Medicare Compliance Newsletter – Documentation and Discharge Status

on Monday, 27 April 2015. All News Items | Outpatient Services | Documentation

Learning through Repetition

We all know the requirements for medical record documentation to support services billed to Medicare, or do we? Just to name a few – a signed order or documentation of intent to order, signed and dated operative or procedure notes, signed plans of care when applicable, a signature log or attestation for illegible signatures, tests results, the correct date of service, and the reason for the service to support medical necessity. We should all know because we have been told … and told again … and told again. It reminds me of a childhood joke: Pete and Repeat were sitting on a log; Pete fell off so who was left? When the listener replies “Repeat” the joke is repeated over and over. Amusing for children, but is this necessary for adults? With continuing billing errors, I think Medicare would say emphatically “YES.”

The Medicare Quarterly Provider Compliance Newsletter for April 2015 examines several billing errors affecting hospitals that occurred due to insufficient documentation. Instead of simply restating the documentation requirements, I thought it would be more informative (and entertaining!) to list specific examples of what the CERT reviewers received and didn’t receive to support the services billed.

CERT Review of Radiation Therapy Planning (CPT codes 77300 and 77301)

All of the improper payments were due to insufficient documentation.

  • Notes for dates of service different from those billed
  • An unsigned and undated treatment plan
  • An unsigned fine needle aspiration report
  • An undated histogram
  • An unsigned operative report
  • No documentation of complex treatment devices
  • No verification of treatment setup and delivery
  • No signature attestation statement
  • No progress notes to document the order/intent to order radiation therapy prior to billed date of service
  • No authenticated copy of the dosimetry calculation for date of service
  • No documentation showing that basic radiation dosimetry calculation was performed on the billed date of service

CERT Review of Transcatheter Aortic Valve Replacement/Implantation (TAVR/TAVI) (CPT codes 33361, 33362, 33365)

The vast majority of the improper payments were due to insufficient documentation.

  • No documentation of preoperative face-to-face evaluations with the cardiovascular surgeon or the interventional cardiologist as required by the NCD
  • An unsigned operative note and then a duplicate unsigned operative note
  • An unsigned intra-operative echocardiogram report
  • An undated unsigned dictated preoperative visit note (which stated “final recommendations will follow”)
  • Only one preoperative face-to-face evaluation submitted and it was unauthenticated
  • A note was received which stated, “We regret to inform you that we are unable to process your request as the patient did not receive services on the service dates requested."
  • A second note was received that stated "Request needs to be sent to hospital for documentation on need" - it is the billing provider (in this case, the physician) who is responsible for providing documentation to support services billed.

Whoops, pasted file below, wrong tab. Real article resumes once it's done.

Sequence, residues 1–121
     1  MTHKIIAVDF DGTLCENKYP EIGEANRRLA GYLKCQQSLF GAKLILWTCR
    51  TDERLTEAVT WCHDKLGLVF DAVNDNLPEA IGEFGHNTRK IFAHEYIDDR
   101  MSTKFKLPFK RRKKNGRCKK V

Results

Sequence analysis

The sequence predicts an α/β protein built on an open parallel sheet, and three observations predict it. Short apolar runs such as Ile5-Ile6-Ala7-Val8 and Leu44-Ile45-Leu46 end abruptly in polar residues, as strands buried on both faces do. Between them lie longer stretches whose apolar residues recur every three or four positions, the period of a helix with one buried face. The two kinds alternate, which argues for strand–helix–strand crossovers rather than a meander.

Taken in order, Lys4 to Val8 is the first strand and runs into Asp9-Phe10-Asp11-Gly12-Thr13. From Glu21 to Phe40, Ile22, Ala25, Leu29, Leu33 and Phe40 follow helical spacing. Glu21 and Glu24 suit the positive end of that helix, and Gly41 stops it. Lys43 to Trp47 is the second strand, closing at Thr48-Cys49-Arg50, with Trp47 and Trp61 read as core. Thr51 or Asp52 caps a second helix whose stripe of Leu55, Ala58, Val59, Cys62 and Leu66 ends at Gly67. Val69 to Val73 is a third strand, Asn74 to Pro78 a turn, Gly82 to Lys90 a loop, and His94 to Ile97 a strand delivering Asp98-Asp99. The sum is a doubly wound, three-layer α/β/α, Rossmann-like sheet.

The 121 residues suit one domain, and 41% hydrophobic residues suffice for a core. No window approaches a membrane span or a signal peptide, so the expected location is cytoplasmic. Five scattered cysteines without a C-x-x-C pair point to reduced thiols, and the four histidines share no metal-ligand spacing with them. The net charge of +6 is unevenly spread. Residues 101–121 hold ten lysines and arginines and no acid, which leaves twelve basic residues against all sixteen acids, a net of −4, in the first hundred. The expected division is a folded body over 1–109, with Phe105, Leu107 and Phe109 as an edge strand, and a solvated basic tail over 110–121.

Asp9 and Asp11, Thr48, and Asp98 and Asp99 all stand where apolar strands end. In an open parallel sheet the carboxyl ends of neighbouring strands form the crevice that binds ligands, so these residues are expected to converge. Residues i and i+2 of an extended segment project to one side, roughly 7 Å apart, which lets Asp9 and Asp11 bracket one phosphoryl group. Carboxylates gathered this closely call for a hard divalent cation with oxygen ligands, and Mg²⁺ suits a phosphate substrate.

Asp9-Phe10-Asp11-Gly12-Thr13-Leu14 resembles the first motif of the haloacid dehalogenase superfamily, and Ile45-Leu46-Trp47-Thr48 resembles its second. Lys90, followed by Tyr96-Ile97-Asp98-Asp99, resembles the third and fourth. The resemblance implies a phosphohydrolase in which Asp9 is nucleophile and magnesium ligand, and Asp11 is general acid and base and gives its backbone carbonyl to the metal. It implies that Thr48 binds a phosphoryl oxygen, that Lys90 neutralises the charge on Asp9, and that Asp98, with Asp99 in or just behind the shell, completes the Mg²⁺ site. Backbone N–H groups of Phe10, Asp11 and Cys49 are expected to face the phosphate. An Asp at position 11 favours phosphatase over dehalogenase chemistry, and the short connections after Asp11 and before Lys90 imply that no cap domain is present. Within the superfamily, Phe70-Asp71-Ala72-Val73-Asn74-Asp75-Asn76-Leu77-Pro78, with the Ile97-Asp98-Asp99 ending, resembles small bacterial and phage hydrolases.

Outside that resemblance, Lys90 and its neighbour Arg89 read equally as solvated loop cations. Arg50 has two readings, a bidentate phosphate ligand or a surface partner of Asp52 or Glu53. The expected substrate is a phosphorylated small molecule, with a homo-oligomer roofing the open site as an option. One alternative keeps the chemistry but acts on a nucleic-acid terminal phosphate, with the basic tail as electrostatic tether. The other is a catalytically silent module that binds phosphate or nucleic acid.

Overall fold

CERT Review of Laboratory Services (unlisted chemistry procedure – CPT 84999)

Most improper payments were due to insufficient documentation.

  • Documentation that the date of service was neither the date of collection nor the date the test was performed
  • A single quantitative gene activity report when the test was described as an analysis of the quantitative activity of multiple genes
  • An unsigned requisition with no signed and dated clinical records supporting the intent to order the test

Another issue addressed in this quarter’s compliance newsletter is RAC findings related to the incorrect reporting of discharge status codes under Medicare’s Post-Acute Care Transfer Policy. This automated review compares the discharge status reported by the hospital to claims data received by Medicare indicating the patient received post-acute care. To comply with this policy, hospitals must have:

  1. Coders who know the correct discharge status codes;
  2. Clear documentation in the medical record by the physician, case manager or discharge planner of the patient’s post-discharge plans; and
  3. Processes in place to follow up with patients after discharge to ensure there were no changes in post-discharge care plans.

For anyone interested in more information, MMP offers a one hour on-demand educational class for an overview of discharge status codes, Medicare’s acute-to-acute and post-acute care transfer policies, how to correctly apply the codes, and tips on best processes for compliance. You can purchase this class at

Even as adult learners, repetition of information is an effective way to learn.

Article by Debbie Rubio

Debbie Rubio, BS, MT (ASCP), is the Manager of Regulatory Affairs and Compliance at Medical Management Plus, Inc. Debbie has over twenty-seven years of experience in healthcare including nine years as the Clinical Compliance Coordinator at a large multi-facility health system. In her current position, Debbie monitors, interprets and communicates current and upcoming regulatory and compliance issues as they relate to specific entities concerning Medicare and other payers. You may contact Debbie at This email address is being protected from spambots. You need JavaScript enabled to view it..

This material was compiled to share information. MMP, Inc. is not offering legal advice. Every reasonable effort has been taken to ensure the information is accurate and useful.

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